Good news amid Brexit gloom: The toxic loan problem in Indian banks may have peaked

Bad loans that way.
Bad loans that way.
Image: Reuters/Brendan McDermid
We may earn a commission from links on this page.

The bad loan mess at Indian banks may be easing.

Some six months after Reserve Bank of India (RBI) governor Raghuram Rajan began a massive clean-up, a review by Nomura shows that Indian banks have already recognised most of their stressed loans as non-performing assets (NPAs) or have put them on a watch-list. An NPA is a loan on which interest or principal hasn’t been paid for more than 90 days.

“Our detailed analysis of a breakdown of the stressed assets of banks gives us a conviction that we are nearing the peak in NPAs, especially for public sector units, as (nearly) 30-50% of their exposure in stressed sectors have been either marked as NPAs or restructured,” the Nomura report on June 23, authored by analysts Adarsh Parasrampuria and Amit Nanavati, said.

Banks in Asia’s third-largest economy have been given a March 2017 deadline to make provisions to cover stressed assets on balance sheets. RBI issued this directive after an intensive asset quality review (AQR). Most of these bad loans, estimated at some Rs13 lakh crore ($192 billion), were accumulated during the global economic slowdown. Lacklustre demand in the economy and slow project execution—mainly in the infrastructure, power, and metals sectors—made it difficult for borrowers to repay.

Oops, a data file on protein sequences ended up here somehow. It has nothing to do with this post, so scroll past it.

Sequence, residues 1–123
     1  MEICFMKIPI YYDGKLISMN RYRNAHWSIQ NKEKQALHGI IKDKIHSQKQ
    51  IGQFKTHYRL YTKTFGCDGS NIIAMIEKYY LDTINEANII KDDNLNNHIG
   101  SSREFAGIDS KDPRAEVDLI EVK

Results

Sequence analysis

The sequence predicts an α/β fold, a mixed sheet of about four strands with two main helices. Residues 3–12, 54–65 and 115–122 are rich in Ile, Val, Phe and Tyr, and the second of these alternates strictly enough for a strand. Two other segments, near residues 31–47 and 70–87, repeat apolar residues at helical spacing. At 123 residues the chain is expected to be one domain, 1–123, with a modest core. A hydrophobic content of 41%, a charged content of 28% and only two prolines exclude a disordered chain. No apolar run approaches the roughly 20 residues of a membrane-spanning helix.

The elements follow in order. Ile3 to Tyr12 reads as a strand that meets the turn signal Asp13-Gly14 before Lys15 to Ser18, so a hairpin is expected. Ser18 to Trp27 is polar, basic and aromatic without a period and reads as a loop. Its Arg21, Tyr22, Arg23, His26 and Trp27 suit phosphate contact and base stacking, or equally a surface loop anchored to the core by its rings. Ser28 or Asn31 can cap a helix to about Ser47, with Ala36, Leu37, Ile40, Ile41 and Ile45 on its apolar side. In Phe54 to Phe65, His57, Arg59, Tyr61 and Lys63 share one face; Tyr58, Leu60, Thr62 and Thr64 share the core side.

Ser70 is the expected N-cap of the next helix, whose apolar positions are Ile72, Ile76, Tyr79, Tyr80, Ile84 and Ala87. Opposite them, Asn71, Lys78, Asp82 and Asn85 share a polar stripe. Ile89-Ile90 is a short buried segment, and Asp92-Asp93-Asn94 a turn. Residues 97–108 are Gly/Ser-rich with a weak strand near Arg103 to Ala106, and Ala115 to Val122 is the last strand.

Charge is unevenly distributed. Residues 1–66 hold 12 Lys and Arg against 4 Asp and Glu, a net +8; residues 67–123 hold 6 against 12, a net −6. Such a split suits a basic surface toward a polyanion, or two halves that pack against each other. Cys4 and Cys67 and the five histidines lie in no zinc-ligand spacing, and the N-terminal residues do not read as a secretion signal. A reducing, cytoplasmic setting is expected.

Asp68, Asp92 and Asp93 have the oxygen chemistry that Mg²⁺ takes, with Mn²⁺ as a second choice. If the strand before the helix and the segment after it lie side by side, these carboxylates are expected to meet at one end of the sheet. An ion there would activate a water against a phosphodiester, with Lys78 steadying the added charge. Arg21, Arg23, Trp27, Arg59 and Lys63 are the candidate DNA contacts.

Deep surgery

The action on bad loans is one of the highlights of Rajan’s tenure at the RBI. On his way out after serving three years, the central bank chief has been rather vocal about the dangers of mounting toxic loans.

“The cleaning up of bank balance sheets and the restoration of credit growth are vital and related elements in the growth agenda. The government and the RBI are helping our public sector banks in this difficult but critical task,” Rajan said in a June 22 speech.

“The good news is that banks are getting into the spirit of cleanup and are pursuing reluctant promoters to take the necessary steps to rehabilitate projects… I know the process is working, so public sector banks will soon be set to finance the enormous needs of this economy once again,” he added.

The Nomura study said that, after the AQR, many banks “have gone beyond the regulator’s directive of recognising just near-term stress and, hence, the declaration of recognition of stress is nearing the end.” For instance, total NPAs and restructured assets among public sector banks increased between 10% and 17% of loans. Moreover, between 2% and 3% of loans were put on watch-list for stress.

This hasn’t been easy, though. Lenders have taken huge hits. For the three months ended March 31, 2016, cumulative losses at 20 Indian state-owned banks stood at nearly $2 billion. But such one-time bleeding was necessary to prevent a future bloodbath, as Rajan acknowledged earlier this year:

If the bank wants to pretend that everything is alright with the loan, it can only apply band-aids. For any more, drastic action would require NPA classification… But to do deep surgery such as restructuring or writing down loans, the bank has to recognise it has a problem, classify the asset as a non-performing asset.